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You should feel like the interview process is giving you an opportunity to show off what makes you unique – and if they’re spending more time talking about what makes you “average,” that means they’re missing out on seeing who you really are.

This can happen if they’re looking for someone who can do something specific and are disappointed when they realize that you can’t.

It could also happen if they’ve gotten negative feedback from other people about your skill set, or if there’s been some kind of miscommunication about what the job is actually going to demand.

11. You didn’t have time to focus on your answers

If you felt like your interviewer was rushing through your answers, or like they were not taking the time to actually listen to what you were saying, there’s a good chance that your interview didn’t go as well as you had hoped.

This usually means they didn’t have enough time to focus on you, they were interested in someone else’s candidacy, or they had already decided to not extend you an offer.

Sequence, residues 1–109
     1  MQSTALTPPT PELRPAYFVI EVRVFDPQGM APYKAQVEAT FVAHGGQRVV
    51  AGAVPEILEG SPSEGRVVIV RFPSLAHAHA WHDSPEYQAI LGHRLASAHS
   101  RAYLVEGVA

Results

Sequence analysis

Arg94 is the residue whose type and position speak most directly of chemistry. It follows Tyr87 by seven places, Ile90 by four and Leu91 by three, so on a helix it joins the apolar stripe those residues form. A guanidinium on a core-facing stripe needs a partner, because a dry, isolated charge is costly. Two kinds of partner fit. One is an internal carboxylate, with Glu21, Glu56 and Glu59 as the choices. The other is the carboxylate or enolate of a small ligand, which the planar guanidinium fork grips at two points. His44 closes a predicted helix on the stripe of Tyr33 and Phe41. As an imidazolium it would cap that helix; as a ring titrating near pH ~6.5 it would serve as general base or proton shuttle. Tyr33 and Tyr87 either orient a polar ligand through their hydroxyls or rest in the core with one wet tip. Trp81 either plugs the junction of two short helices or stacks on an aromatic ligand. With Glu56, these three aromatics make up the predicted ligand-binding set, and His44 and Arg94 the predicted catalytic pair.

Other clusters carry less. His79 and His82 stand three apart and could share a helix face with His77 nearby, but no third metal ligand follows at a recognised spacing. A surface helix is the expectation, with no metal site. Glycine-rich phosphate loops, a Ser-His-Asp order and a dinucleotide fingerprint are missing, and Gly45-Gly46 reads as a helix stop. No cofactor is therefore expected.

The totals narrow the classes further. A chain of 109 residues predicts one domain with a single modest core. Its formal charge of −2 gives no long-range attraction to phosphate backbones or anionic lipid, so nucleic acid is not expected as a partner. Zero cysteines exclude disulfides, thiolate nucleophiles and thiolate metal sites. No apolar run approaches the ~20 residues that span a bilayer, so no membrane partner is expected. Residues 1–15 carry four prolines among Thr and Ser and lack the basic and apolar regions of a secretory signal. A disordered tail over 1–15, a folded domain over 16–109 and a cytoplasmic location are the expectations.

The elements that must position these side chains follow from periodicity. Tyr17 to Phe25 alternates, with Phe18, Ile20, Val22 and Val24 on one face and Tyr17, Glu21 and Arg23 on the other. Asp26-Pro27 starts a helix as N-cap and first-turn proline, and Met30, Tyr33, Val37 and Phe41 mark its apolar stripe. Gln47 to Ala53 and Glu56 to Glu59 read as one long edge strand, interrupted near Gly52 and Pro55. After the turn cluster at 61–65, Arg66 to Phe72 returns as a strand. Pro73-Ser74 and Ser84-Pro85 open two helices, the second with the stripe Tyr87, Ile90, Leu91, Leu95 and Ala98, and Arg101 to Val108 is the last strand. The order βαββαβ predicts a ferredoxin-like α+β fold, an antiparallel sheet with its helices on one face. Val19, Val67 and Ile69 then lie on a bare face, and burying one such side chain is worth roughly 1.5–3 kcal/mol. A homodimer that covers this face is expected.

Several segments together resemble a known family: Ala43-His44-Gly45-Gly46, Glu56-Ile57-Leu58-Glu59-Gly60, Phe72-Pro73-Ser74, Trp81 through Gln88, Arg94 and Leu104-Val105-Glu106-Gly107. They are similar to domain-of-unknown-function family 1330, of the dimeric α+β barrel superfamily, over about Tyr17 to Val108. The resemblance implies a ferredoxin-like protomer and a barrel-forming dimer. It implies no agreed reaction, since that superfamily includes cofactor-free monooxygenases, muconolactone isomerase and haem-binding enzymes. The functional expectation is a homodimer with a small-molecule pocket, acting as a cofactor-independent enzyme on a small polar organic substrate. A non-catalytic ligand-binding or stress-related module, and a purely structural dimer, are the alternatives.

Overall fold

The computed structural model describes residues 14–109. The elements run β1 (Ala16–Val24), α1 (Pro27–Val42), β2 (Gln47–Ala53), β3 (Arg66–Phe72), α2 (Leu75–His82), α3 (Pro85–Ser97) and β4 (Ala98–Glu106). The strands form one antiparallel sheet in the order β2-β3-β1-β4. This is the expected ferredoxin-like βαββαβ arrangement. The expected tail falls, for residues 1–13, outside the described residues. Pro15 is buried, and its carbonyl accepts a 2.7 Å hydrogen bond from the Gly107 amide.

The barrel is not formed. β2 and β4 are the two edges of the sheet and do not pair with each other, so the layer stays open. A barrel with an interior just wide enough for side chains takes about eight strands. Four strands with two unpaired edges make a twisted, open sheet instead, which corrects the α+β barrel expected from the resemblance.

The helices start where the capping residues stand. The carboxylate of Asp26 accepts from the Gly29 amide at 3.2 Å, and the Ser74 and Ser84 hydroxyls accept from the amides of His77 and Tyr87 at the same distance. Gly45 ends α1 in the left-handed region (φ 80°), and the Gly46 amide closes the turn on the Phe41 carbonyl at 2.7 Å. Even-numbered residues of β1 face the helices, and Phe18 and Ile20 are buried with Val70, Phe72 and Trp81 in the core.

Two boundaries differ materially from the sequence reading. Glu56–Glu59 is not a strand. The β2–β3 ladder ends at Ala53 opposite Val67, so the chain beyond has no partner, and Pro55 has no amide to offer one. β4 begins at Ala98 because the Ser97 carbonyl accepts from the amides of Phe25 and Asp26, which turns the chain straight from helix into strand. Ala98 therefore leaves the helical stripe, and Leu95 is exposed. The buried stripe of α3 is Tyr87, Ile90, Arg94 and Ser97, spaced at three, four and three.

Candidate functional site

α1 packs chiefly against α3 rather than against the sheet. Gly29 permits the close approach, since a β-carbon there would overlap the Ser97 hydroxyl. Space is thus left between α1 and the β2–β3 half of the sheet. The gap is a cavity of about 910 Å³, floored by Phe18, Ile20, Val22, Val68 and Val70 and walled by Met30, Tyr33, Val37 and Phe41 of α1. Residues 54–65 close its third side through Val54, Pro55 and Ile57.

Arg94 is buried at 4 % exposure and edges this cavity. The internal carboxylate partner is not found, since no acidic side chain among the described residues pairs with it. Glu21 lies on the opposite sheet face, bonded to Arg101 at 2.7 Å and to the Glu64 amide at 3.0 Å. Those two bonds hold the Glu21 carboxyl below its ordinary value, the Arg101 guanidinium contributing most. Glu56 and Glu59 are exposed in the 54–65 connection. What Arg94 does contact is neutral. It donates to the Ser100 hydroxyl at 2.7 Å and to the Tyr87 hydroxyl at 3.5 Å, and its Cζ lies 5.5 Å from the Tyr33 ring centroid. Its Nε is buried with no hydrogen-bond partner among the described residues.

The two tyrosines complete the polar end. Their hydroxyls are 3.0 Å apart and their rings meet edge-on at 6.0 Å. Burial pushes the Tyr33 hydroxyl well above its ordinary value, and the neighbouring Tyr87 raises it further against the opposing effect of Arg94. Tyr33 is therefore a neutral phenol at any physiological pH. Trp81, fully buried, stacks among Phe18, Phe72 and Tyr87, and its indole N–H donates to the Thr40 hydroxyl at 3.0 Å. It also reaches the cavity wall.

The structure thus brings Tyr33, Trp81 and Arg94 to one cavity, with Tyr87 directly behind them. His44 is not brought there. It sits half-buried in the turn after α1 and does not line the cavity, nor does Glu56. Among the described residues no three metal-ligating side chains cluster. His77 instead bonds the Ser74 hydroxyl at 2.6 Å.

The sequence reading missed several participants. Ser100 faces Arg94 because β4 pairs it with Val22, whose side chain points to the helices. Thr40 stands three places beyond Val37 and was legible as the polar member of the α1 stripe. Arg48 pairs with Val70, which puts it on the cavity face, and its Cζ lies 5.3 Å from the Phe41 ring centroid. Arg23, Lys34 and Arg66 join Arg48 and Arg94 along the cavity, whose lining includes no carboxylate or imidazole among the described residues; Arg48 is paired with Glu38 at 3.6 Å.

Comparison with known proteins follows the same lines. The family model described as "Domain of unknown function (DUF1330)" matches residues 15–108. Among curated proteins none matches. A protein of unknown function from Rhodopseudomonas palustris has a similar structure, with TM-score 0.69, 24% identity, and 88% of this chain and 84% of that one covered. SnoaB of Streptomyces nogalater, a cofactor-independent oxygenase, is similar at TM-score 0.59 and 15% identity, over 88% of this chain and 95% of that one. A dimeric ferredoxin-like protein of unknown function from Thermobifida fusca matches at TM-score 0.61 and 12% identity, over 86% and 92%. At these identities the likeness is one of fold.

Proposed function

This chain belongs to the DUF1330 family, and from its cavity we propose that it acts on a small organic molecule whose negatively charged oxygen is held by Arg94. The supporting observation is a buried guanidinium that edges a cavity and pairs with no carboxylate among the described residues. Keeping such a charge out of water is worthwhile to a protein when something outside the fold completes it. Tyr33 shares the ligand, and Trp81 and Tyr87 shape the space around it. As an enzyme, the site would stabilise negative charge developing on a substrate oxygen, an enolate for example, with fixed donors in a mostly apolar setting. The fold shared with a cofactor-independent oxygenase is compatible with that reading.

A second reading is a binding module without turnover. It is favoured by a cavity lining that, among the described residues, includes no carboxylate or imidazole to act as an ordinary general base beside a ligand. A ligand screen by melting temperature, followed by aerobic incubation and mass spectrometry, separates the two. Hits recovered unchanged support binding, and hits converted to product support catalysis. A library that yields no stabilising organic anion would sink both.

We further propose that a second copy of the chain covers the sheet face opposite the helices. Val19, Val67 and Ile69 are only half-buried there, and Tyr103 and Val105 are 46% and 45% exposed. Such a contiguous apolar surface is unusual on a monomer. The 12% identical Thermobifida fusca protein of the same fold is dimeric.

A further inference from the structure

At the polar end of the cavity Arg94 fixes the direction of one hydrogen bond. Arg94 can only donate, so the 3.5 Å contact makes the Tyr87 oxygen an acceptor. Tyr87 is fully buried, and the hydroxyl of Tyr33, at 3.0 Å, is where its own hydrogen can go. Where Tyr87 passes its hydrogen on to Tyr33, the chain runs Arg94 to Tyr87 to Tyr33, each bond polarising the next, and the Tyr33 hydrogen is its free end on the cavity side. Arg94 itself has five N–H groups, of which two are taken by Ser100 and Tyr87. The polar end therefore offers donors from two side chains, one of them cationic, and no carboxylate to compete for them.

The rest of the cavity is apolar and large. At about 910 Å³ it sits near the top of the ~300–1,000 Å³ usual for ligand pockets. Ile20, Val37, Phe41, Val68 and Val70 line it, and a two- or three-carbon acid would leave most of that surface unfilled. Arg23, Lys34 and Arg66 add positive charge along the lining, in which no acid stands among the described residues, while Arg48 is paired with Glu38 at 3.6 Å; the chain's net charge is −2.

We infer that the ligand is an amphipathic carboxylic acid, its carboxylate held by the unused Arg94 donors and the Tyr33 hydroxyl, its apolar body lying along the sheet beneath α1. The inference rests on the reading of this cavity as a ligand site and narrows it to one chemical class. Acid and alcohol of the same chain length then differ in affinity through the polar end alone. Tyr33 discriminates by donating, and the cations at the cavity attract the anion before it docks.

Also Read: How To Respond To An Interview Request?

12. The interview ended before it was supposed to

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Hiring managers report spending an average of 45 to 90 minutes on each in-person interview (15 to 90 minutes if they’re online). So if yours ended much earlier than that, it’s definitely a sign that something went wrong.

When your interview ends abruptly it means one of two things: either (1) the interviewer ran out of questions and didn’t want you to feel like they were just going through the motions, or (2) they disliked something about you and couldn’t wait to get you out of their office.